The New York City ‘fusion’ scene can be embarrassing. Restaurants are fully aware of diners’ cosmopolitan breadth of ethnic eating options, and some take this as an excuse to offer it all. I can’t think of any other reason for the existence of the “French Steakhouse Sushi Bar” and the Chinese/Thai/Malaysian/Japanese takeout counter that I pass on my walk home everyday. There’s a reason I never go in.
At Arabesque, the fusion is legitimized with something like two millennia of actual interaction between North Africa, the Middle East, and the Mediterranean. Named for the ornamental, intertwining flowing and geometric design that also was born of these cultural exchanges, Arabesque is a restaurant that offers a tradition of fusion, carefully curated for modern palates.
Omar Balouma and Abdellah Ksiyer know this game, or, more accurately, have learned it. They open Arabesque following on the success of Barbes, named for the Parisian neighborhood of Moroccan, Algerian, and Tunisian cuisine and music, and on the failure of a Moroccan/sushi fusion concept. With Arabesque, the long-time restaurant partners decided to stick with geography-based fusion–it just works. But Arabesque isn’t a second Barbes. In their first month of operations, the restaurant is quickly distinguishing itself as a sexier, wilder little sister.
It’s the after-work spot to grab a strong drink and fill your table with a mosaic of small plates and exotic flavors. Abdellah Ksiyer, a chef with more than 20 years experience, doesn’t push any one dish too far. He lets the small tastings playfully complement each other. The rich hummus and grilled pita are staples done right. The skate marinated in Charmoula sauce (olive oil, cumin, paprika, and cayenne) is a light and inviting immersion in less standard Moroccan fare, falling in tender chunks over a bed of marinated white beans and spring greens dressed in olive oil, ginger, and a squeeze of orange. The chicken apricot cigars deliver the signature Moroccan blend of meat, fruit, and spice, in a light phylo spring roll. Crostini are topped with an inventive and irresistible blend of fava beans and avocado, classic Mediterranean ingredients whipped into a new food altogether. Arabesque’s cuisine follows Morocco’s culture of fusion, guided by what the region has deemed delicious, but not getting caught up replicating what has already been done. Yeah, Moroccan sushi was too much, but no one here is demanding traditionalism.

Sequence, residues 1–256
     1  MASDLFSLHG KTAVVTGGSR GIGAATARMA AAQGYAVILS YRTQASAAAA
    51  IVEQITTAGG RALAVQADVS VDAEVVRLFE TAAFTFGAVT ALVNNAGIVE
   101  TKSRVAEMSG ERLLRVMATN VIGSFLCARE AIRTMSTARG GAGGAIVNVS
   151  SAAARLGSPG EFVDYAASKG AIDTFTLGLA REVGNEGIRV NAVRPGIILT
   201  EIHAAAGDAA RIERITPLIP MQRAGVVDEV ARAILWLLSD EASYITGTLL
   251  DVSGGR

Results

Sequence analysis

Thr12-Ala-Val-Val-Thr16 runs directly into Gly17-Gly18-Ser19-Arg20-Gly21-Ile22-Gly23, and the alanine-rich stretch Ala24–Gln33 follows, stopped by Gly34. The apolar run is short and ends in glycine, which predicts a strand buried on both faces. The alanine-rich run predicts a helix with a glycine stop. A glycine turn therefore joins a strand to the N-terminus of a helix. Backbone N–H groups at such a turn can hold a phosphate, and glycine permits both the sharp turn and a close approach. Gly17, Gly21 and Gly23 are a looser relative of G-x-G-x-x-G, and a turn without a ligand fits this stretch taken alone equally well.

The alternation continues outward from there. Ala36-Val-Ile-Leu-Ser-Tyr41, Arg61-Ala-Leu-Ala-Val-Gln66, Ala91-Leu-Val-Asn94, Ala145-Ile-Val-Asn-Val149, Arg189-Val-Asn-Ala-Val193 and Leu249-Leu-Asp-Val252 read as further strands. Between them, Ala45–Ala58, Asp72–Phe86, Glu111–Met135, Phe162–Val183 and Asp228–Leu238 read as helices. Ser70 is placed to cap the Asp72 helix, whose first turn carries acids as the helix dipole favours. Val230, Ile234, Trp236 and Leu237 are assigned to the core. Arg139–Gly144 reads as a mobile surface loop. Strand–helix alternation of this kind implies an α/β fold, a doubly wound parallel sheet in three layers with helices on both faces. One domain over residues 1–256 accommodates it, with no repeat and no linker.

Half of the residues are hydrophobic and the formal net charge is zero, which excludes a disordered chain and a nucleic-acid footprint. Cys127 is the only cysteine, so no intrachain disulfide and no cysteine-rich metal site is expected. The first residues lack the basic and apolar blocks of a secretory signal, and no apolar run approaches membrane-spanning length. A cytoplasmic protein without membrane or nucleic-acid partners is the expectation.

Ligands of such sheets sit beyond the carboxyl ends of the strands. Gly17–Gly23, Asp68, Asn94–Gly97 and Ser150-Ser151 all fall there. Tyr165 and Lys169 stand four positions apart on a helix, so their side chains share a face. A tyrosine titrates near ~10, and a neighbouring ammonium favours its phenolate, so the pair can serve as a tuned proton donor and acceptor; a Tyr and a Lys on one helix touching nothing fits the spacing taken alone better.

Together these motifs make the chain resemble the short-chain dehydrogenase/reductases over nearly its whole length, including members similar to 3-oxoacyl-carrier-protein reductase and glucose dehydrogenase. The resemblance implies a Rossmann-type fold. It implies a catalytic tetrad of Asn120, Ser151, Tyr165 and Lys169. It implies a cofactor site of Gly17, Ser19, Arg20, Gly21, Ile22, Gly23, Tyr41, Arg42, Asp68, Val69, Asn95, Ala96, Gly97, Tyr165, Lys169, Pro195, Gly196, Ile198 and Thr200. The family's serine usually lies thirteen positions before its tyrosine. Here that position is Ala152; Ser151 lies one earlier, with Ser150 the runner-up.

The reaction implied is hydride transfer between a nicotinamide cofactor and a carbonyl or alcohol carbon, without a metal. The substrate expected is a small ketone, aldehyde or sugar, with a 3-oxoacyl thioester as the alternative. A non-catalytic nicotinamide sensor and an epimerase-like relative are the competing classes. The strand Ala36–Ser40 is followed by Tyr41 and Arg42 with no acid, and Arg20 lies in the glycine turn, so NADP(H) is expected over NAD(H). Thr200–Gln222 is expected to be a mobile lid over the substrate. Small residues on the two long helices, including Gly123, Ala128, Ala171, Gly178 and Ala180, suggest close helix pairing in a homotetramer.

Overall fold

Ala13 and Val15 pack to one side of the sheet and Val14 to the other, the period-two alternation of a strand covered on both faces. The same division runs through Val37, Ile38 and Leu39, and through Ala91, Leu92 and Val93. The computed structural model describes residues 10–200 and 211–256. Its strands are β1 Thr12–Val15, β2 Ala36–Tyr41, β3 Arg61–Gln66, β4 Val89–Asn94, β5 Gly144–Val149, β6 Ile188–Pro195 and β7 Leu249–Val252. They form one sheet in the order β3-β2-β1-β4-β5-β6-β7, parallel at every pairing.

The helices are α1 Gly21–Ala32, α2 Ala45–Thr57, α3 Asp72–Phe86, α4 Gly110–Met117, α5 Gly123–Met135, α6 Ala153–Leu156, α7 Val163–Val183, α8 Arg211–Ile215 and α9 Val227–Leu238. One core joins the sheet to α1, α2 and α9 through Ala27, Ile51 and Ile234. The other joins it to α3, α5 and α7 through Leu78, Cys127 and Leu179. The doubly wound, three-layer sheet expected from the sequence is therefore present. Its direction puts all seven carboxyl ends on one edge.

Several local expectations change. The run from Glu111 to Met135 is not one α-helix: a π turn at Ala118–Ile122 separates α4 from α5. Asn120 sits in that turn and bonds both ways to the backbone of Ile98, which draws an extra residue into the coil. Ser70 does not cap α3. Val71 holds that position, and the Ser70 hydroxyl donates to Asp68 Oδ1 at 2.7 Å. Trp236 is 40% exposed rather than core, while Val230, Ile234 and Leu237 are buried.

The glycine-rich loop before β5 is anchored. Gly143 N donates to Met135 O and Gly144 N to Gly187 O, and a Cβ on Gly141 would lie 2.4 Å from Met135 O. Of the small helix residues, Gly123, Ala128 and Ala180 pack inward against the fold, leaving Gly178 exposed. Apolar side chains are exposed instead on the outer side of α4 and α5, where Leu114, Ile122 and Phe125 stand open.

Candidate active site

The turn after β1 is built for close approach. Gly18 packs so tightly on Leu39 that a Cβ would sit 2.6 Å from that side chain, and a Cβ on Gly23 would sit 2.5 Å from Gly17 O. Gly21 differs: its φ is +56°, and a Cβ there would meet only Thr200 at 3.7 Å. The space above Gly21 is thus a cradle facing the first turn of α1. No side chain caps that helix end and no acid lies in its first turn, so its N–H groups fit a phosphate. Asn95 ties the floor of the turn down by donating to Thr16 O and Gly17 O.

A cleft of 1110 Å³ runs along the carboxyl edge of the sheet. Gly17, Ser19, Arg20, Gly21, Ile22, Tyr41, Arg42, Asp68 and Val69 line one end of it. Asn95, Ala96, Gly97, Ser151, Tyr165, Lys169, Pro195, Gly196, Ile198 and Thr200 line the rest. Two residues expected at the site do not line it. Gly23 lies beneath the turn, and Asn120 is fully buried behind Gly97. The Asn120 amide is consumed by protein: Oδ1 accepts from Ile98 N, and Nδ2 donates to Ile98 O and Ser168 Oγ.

The restaurant’s festive décor–heavy gold door, mosaic sidings, thick cushions upholstered in deep purple, vibrant orange, and wine-red silk–is mirrored in the presentation of the dishes. Instead of served in a bowl, the hummus is artfully composed on a white plate, with arugula, olives, and a drizzle of balsamic. The kefta brochette (meatballs) is served on a skewer. The hot, charcoal-grilled pita is piled in delicate woven baskets.
Arabesque is well on its way to matching, if not surpassing, its big sister’s crowd. From the Moorish arches and tiling to the ménage of flavors, it’s quickly distinguishing itself as an exotic hotspot in an otherwise bland neighborhood. Good for after-work snack, meeting friends for dinner, or taking a date, it’s fusion you can unabashedly get behind.
Mediterranean, Moroccan, Small Plates $9-18, Entrees $19-28, Phone: (212) 532-2210. Daily: 11am-12am, accepts credit cards, Nearest Subway: Grand Central.